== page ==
The Rampestreken hike gained us both a Hiking Altitude Gain Record on our Apple Watches, for 727 metres of altitude gain. I couldn’t stop marvelling over the fact that we’d climbed that much in what felt like a short period of time compared to, say, the “Stairway to Heaven”-dubbed Sealy Tarns track in New Zealand that was quite literally all steps, took longer, and was only about 500 metres gain.

Me, Georgie, wearing in a blue raincoat with my arms in the air, standing on a steep, rocky mountain with lots of trees.
It was a steep climb over these rocks.
Stairs on a hiking trail leading up and around to the left. On the right is a cloudy view of the valley below.
The weather was still not perfect

As we climbed higher and higher, we could see more and more of the view. We were met with rain during parts of the hike, but nothing our rain jackets couldn’t handle. It wasn’t completely heavy, so we were able to press on. We enjoyed the view at the viewpoint, which was a wooden walkway that extended enough to give you a better view of the mountain behind you and also let you enjoy being more immersed in the view.

A low angle of me in my blue raincoat standing amongst some trees with my hands in the air
Another view of how steep it got on the hike
Me, Georgie, taking a selfie on a zig-zagging set of stone steps, with Nick further back down she steps, looking down at his phone. The view in the background is of the river and is clearer than previous photos
Many more stairs, as the weather slowly cleared a little

I got really excited by a graphic on a sign next to a pipe in the mountain, that translated to the flowing water being drinkable. I deduced that the source must be from the mountains somewhere, as it was so fresh, clear, and chilled. I enjoyed using my hands to cup the water and drink it.

A sign next to a pipe in a wall made of rock, with an icon showing water flowing into a cup.
I drank this water and it was so clear and fresh

We continued on the last steep bit past the viewpoint, initially being met with a sky full of mist as the gondola station came into view. The rain came and went, such that the mist disappeared and we saw a rainbow while we were at the top.

A metal bridge leading towards a rocky mountain
Looking back on the mountain from the viewpoint
A view of a river with a mountain and a small town below.
The view from the Rampestreken viewpoint—much clearer now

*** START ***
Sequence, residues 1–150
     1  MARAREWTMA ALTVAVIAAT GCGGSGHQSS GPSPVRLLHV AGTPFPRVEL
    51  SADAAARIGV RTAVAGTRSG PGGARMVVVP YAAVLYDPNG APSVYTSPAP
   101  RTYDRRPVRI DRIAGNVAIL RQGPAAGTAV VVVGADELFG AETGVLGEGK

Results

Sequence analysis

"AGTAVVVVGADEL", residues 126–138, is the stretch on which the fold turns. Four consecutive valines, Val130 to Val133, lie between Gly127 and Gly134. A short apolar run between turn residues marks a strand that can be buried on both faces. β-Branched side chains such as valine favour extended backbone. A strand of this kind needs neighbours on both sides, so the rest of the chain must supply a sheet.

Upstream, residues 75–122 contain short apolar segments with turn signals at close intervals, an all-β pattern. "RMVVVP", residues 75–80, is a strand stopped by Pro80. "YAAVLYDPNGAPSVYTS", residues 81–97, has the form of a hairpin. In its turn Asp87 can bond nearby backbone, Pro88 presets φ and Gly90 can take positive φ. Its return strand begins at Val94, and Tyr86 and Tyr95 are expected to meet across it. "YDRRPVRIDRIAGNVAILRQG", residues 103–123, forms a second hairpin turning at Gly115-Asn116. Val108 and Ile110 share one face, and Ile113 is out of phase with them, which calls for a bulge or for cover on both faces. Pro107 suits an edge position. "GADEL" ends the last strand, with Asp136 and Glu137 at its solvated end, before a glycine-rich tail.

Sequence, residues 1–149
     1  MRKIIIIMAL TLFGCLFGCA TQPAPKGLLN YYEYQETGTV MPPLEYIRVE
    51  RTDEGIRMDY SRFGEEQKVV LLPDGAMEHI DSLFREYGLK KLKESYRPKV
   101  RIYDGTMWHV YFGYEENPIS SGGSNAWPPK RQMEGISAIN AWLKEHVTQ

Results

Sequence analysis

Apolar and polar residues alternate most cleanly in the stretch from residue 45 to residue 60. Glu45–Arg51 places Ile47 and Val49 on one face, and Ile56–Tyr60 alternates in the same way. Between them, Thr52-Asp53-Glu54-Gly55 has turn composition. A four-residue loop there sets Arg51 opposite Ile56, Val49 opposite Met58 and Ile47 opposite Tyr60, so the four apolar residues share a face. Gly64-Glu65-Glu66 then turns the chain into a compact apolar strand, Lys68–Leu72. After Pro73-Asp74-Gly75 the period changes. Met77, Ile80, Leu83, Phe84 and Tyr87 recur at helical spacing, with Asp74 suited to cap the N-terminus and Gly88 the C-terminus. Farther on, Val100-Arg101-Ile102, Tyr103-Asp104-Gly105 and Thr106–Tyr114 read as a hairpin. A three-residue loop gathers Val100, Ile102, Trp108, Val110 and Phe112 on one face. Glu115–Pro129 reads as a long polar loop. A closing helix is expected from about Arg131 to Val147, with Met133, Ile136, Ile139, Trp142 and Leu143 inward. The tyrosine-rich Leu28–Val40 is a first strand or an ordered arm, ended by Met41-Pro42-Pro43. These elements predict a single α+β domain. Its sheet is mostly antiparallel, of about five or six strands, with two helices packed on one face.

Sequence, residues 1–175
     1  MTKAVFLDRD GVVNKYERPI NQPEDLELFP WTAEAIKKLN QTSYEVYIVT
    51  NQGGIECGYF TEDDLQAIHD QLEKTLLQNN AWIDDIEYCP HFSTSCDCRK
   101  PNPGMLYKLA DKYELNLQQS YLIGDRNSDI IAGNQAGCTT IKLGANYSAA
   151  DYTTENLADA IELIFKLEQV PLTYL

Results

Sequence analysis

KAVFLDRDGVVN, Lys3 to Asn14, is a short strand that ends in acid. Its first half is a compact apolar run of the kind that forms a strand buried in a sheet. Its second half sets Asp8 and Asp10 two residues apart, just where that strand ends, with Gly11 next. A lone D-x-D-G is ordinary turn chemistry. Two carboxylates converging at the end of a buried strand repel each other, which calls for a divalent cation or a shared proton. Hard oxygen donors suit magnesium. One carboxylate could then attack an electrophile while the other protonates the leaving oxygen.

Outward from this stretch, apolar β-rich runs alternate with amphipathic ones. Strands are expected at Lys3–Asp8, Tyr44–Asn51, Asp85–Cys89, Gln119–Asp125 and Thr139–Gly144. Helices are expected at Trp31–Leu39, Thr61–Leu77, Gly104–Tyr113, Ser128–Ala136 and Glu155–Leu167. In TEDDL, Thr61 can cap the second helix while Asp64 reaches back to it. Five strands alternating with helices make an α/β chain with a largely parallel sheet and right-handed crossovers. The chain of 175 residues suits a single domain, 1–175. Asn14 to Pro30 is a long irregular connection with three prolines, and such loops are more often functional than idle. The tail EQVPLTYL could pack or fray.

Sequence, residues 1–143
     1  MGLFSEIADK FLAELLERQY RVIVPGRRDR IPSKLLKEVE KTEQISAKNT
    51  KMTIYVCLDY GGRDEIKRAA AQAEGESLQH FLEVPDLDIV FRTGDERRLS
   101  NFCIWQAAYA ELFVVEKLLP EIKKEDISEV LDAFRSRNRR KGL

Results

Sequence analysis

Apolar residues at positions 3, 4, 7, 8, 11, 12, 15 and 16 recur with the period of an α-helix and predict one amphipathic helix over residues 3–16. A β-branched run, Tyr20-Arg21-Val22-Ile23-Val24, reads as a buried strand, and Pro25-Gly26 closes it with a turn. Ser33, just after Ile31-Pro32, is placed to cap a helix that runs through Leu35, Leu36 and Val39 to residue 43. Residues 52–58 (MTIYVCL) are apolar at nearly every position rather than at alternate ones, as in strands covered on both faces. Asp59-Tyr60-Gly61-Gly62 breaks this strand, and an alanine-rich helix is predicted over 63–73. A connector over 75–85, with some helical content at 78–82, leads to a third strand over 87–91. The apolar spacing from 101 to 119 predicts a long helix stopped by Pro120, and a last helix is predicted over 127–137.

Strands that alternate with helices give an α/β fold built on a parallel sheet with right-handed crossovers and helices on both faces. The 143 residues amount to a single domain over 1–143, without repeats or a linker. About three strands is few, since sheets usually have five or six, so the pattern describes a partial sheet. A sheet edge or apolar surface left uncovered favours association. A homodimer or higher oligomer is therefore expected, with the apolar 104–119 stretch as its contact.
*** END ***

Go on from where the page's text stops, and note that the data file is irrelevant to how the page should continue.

A similar view to the previous photo, but with a walkway at the bottom of the photo that is suspended over the view
Sharing the portrait orientation of this view from the top, because it just captured it all. You can see walkway of the Rampestreken viewpoint towards the bottom
Me, Georgie, standing on a rocky outcrop with a mountain in the background, with a small rainbow visible above the mountain
Wow 🌈
Me, adding a small rock to a tower of rocks at the top of the mountain
Doing my bit!
A signpost with two labels pointing in opposite directions, Rampestreken and Romsdalsgondolen. A view with mountains and a river is in the background.
Made it!

It didn’t last long. We paid for the gondola ride back down as the rain picked up. It was getting cold and I was glad to be done with the hike. The gondola ride is really expensive—300 NOK one way and 440 NOK for a return. At the time, one way was about 50 Australian dollars per person for us. 😨 Anyway, when you travel, sometimes you just have to accept spending more than you’re comfortable with for the experience or for comfort.

A river with still water, surrounded by mountains. The sky is very cloudy
Views stretching anywhere we looked.
A mountain with lots of lush green, with a gondola going down it, seen from a town at the bottom.
We climbed Mount Nesaksla. And the weather was definitely on the improve…

Litlefjellet hike

Litlefjellet is a small but very steep mountain that starts a few minutes drive away from the start of the Romsdalseggen hike. The trail head is at Venjesdalsetra. We headed out on the morning after doing the Rampestreken hike. It would only take a couple of hours to climb up and back, and we weren’t completely sore from the day before, so we decided to give it a go. Our hotel checkout time wasn’t until noon, so we had a lot of time.

It was about a 15 to 20 minute drive from the town centre of Åndalsnes to the trail head. We had to pay a toll of 100 NOK on the road that goes up to the trail head, but you have to pay manually at the entrance and your vehicle isn’t scanned automatically like it is on other Norwegian toll roads—don’t forget this! We ended up having to pay a fine later on through our rental car company because we didn’t slow down enough to read all the details on the sign.